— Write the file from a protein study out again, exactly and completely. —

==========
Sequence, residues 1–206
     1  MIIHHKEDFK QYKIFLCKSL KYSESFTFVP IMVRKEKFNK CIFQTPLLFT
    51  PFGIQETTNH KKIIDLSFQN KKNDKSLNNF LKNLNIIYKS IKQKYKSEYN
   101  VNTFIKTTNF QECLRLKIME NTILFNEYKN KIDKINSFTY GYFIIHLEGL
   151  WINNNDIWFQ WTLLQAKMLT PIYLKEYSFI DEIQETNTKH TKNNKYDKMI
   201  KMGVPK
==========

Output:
Sequence, residues 1–206
     1  MIIHHKEDFK QYKIFLCKSL KYSESFTFVP IMVRKEKFNK CIFQTPLLFT
    51  PFGIQETTNH KKIIDLSFQN KKNDKSLNNF LKNLNIIYKS IKQKYKSEYN
   101  VNTFIKTTNF QECLRLKIME NTILFNEYKN KIDKINSFTY GYFIIHLEGL
   151  WINNNDIWFQ WTLLQAKMLT PIYLKEYSFI DEIQETNTKH TKNNKYDKMI
   201  KMGVPK